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  4.  » Understanding a possession with intent to distribute charge

If you find yourself arrested in South Carolina on charges of drug possession with the intent to distribute, you may not understand the implications. The police may have found drugs in your vicinity and put you in cuffs.

There are two prongs to this very serious charge, and knowing what they both mean may help you decide how to proceed. We at Stirling & O’Connell aim to educate you on the significance of this type of charge and what makes it hold up in court. Let us break down what each element means and the ramifications of a conviction.

Possession of drugs

First, the police must find drugs in your possession. This does not necessarily mean you have them in your hands or on your person. The police may arrest you for possession if the drugs are in a vehicle, home or your general vicinity. One way to weaken this charge is to deny your knowledge of the drugs. You cannot possess something you did not know existed. Thus, if you can prove you did not know the drugs were there, a judge may dismiss the case.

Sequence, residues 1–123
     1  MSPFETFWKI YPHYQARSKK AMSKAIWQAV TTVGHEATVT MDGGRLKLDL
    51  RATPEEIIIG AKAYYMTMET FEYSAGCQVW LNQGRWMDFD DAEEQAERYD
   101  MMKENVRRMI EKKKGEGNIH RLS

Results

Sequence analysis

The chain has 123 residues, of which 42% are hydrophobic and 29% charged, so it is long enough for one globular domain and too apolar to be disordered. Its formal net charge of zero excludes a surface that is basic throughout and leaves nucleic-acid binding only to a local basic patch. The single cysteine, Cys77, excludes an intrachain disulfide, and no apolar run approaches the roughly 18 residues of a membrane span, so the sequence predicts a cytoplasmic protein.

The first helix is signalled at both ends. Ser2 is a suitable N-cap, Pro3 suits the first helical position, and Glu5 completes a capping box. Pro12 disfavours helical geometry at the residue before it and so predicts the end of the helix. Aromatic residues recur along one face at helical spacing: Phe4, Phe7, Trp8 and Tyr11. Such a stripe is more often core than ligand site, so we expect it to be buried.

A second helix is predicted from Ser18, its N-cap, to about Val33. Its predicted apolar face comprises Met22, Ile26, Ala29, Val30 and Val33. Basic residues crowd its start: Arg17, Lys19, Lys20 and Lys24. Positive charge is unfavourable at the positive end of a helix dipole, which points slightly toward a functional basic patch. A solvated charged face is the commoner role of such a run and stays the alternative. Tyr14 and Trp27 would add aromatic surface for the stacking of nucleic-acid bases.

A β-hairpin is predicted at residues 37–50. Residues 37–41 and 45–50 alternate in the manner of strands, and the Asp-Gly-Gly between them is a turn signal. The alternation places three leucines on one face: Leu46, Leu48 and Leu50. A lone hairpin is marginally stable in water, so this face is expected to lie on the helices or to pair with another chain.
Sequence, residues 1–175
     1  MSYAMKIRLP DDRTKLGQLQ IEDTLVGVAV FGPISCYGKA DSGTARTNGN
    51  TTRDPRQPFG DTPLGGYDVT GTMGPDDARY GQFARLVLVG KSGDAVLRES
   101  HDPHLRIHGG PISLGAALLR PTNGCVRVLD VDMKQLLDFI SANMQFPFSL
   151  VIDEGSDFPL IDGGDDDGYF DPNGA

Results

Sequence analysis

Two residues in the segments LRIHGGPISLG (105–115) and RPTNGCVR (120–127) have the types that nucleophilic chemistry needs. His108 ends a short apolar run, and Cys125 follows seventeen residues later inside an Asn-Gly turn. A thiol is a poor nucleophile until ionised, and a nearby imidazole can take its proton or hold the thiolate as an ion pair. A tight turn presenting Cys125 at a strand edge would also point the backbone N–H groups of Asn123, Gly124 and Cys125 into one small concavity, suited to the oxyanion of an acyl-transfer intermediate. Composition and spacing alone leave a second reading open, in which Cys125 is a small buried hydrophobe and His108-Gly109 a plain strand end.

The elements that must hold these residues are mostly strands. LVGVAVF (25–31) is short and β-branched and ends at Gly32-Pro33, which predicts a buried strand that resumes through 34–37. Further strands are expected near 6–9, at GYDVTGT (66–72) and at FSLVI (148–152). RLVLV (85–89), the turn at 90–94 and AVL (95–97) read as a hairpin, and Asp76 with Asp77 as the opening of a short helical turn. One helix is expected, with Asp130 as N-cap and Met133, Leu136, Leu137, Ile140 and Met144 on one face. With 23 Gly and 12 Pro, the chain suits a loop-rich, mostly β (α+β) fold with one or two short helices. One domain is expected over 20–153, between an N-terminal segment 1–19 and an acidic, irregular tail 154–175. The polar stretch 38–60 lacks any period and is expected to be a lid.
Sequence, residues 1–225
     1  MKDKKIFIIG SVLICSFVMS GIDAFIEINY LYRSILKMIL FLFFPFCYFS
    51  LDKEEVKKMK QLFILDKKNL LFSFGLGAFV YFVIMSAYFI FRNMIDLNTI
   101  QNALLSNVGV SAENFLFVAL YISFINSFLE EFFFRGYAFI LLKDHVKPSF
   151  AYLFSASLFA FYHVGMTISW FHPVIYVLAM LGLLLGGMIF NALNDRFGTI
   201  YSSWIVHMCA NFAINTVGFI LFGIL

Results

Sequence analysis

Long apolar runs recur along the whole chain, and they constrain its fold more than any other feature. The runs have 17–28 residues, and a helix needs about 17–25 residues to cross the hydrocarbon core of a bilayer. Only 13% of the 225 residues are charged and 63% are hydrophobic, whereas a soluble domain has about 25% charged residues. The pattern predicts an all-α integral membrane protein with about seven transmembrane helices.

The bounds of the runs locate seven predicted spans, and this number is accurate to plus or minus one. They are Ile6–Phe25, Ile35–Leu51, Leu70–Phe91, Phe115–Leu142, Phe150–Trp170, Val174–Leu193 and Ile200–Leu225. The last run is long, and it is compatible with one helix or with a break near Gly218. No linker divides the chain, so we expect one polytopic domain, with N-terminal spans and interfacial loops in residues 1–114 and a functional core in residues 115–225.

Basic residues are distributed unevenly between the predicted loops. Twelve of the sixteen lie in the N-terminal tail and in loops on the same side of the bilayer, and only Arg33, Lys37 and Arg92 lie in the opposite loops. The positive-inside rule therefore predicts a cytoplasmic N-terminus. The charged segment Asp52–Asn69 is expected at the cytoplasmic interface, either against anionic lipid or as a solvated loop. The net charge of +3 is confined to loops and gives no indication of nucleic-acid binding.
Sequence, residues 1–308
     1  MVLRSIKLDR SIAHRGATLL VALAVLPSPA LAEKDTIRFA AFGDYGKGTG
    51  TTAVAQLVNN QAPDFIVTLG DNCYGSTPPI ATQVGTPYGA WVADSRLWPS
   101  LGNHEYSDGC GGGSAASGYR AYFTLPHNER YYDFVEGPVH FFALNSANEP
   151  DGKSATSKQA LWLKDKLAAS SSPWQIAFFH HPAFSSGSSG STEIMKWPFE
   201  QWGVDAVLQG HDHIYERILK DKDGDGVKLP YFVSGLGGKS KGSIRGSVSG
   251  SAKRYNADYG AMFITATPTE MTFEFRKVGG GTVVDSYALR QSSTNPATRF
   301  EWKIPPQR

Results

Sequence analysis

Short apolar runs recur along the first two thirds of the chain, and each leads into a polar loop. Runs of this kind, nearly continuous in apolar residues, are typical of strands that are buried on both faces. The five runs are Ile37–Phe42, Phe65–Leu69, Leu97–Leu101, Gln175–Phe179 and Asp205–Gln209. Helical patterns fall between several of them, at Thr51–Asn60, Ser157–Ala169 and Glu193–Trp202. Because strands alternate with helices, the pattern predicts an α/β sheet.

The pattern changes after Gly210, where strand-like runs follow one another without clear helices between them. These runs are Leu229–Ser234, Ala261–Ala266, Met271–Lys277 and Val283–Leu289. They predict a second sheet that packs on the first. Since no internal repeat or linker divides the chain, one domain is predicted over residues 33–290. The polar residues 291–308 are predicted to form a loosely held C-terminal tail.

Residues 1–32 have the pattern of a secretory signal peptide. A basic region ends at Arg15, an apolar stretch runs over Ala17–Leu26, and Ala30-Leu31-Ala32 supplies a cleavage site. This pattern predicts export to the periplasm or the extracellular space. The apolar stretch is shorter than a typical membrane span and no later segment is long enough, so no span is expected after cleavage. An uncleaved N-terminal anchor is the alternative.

Intent to distribute narcotics 

The police charge you with the intent to distribute drugs when they have reason to believe you were planning on selling them. Since this may come down to circumstances, the court may consider the other evidence at the scene to decide your intentions. If the amount of drugs in your possession was too significant for personal use, if you had materials for packaging the narcotics or if you have a large amount of cash, these may give weight to the intent to distribute charge.

For some additional insight on this and other drug charges, follow the link here.